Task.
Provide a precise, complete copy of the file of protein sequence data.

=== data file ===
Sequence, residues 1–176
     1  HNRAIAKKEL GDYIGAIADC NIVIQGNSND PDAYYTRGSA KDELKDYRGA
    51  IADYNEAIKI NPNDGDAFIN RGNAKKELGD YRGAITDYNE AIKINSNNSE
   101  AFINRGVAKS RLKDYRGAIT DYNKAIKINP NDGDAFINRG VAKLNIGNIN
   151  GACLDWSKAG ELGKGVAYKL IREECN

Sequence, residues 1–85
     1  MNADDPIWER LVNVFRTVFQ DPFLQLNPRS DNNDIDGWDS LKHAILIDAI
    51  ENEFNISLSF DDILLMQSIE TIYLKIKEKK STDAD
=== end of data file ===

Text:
Sequence, residues 1–176
     1  HNRAIAKKEL GDYIGAIADC NIVIQGNSND PDAYYTRGSA KDELKDYRGA
    51  IADYNEAIKI NPNDGDAFIN RGNAKKELGD YRGAITDYNE AIKINSNNSE
   101  AFINRGVAKS RLKDYRGAIT DYNKAIKINP NDGDAFINRG VAKLNIGNIN
   151  GACLDWSKAG ELGKGVAYKL IREECN

Sequence, residues 1–85
     1  MNADDPIWER LVNVFRTVFQ DPFLQLNPRS DNNDIDGWDS LKHAILIDAI
    51  ENEFNISLSF DDILLMQSIE TIYLKIKEKK STDAD